After The Evil Within and GhostWire: Tokyo, here's how Ikumi Nakamura is breaking boundaries in a games studio "driven by passionate artists"

Ikumi Nakamura's Kemuri
(Image credit: Unseen Inc)

Located in an old warehouse in Tsukishima, a working-class neighborhood of Tokyo, Unseen Inc makes for quite the contrast to the corporate offices where Ikumi Nakamura started her career. She joined Capcom in 2004 as an environment artist, before following two of the publisher's brightest creative minds to their own video game studios: first Hideki Kamiya’s PlatinumGames, then Shinji Mikami's Tango Gameworks. It was at the latter company that she first caught the public’s attention, after taking to Bethesda's E3 conference stage in 2019 to announce Ghostwire: Tokyo. However, she left the project and Tango later that year, due in part to health problems. 

Taking the opportunity to form her own game company, Nakamura's aim – as she first told us in Edge issue 371 – was to create a 'borderless' studio. In part, that refers to Unseen's hybrid mode of working. "Before [the pandemic], I had already been thinking for several years about the possibility of making video games remotely as a studio," Nakamura tells us, "where team members didn’t have to come to Japan." Accordingly, it also means a multicultural studio, with 90 per cent of its employees coming from overseas, leveraging AI "to help translate and streamline communication" between Japanese and English speakers. 

While we can’t help but notice the bonsai tree and traditional paper lantern decorating its entrance, Unseen is not what Nakamura would call a Japanese company – certainly not in terms of the strict corporate hierarchy for which they are typically renowned. Indeed, to illustrate this, she casually calls two overseas staff members over to our meeting for their input. "[Unseen] is obviously not very corporate at all – we just try to be mutually respectful while also trying to make a good game," one team member says. Their colleague, having worked at a major Japanese publisher previously, is more to the point: "We’re treated like adults here." 

That difference becomes clear as we sit down with Nakamura on floor cushions, in a central meeting room that feels more like a festival tent, or perhaps an artists' studio in the mode of Warhol's Factory. Indeed, Nakamura refers to the studio's developers, regardless of discipline, as artists. "A lot of companies are publisher-driven but I don’t like that," she says. "This place is driven by passionate artists."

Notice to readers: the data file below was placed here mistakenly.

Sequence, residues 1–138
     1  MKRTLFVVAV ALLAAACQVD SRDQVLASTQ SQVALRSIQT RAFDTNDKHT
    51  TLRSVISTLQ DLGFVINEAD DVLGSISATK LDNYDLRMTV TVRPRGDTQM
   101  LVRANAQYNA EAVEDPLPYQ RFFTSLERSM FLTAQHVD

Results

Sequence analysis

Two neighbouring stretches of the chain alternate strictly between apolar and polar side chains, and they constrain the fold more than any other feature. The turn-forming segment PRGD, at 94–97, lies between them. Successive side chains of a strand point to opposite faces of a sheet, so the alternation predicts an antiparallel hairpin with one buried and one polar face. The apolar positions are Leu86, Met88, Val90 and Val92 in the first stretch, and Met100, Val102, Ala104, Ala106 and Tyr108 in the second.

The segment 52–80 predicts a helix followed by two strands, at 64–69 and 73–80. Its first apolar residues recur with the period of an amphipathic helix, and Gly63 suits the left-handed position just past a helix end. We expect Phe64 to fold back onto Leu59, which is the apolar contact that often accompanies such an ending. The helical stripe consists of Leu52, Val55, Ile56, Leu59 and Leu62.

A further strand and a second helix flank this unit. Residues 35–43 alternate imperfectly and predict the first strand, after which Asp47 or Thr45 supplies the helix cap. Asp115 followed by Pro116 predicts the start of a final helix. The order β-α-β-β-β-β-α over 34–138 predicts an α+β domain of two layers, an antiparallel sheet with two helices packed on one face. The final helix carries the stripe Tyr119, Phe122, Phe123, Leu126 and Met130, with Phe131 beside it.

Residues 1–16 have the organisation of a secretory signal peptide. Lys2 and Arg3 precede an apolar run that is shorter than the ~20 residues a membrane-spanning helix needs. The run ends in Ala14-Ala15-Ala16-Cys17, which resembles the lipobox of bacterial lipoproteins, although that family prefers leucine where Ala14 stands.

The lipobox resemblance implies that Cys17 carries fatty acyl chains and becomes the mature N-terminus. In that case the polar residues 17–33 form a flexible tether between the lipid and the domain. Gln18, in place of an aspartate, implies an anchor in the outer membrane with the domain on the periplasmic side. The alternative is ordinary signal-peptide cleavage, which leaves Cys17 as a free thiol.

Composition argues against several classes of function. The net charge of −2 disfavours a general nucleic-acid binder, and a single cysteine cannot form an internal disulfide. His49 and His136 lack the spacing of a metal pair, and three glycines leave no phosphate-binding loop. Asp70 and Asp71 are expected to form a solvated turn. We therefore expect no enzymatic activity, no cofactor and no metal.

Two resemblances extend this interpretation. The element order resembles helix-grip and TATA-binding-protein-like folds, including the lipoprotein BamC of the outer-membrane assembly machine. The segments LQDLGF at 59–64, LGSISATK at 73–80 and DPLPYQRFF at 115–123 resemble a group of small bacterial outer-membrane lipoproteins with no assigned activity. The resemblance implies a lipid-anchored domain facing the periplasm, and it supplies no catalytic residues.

An artist's touch

The Evil Within

(Image credit: Bethesda)

The latest cover of Edge, which features Star Wars: Outlaws

(Image credit: Future PLC)

This feature originally appeared in Edge Magazine. For more fantastic in-depth interviews, features, reviews, and more delivered straight to your door or device, subscribe to Edge

Has running a videogame studio always been an ambition of yours? 

Since I was in middle school, I wanted to be a game developer. That's what I had in my mind to pursue, and it hasn’t changed since. But when you're actually hired, you don’t even know what you're going to be doing – you're just hired by a game company, and they tell you what you need to do. So I was told to become an environment artist, and that's how I started. During that time, I always wanted to be a concept artist. 2D art was something I was most interested in, so I was a full-on artist back then. 

I had never dreamed of running my own studio as a CEO. But it was while I was actually a creative director back in 2019 that the idea and opportunity of creating a new studio [emerged]. It was from meeting people after E3 and visiting other game studios, where people were telling me, "Ikumi, if you gather and put together a team and create a great environment, it's going to be a great game company that makes a really great game". So that’s what I decided to do. Creating and running a game company was what I became focused on. 

Having started out as an artist, how did the opportunity emerge to transition to the position of creative director at Tango Gameworks? 

In my previous workplace, I faced challenging interpersonal dynamics where there was a culture of hierarchy and rigidity. It often felt like standing out would lead to being pushed down, even if you excelled. During that time, I had the opportunity to contribute to a spinoff project from The Evil Within, featuring a new story with Joseph Oda as the protagonist. I was responsible for art direction in a relatively small team. However, our director had to take leave due to some health matters, and the team navigated without direction for about a month. When he returned, he candidly shared his lack of confidence in resuming the director role, due to his health. That's when I saw an opportunity and stepped up, offering to take on the role myself.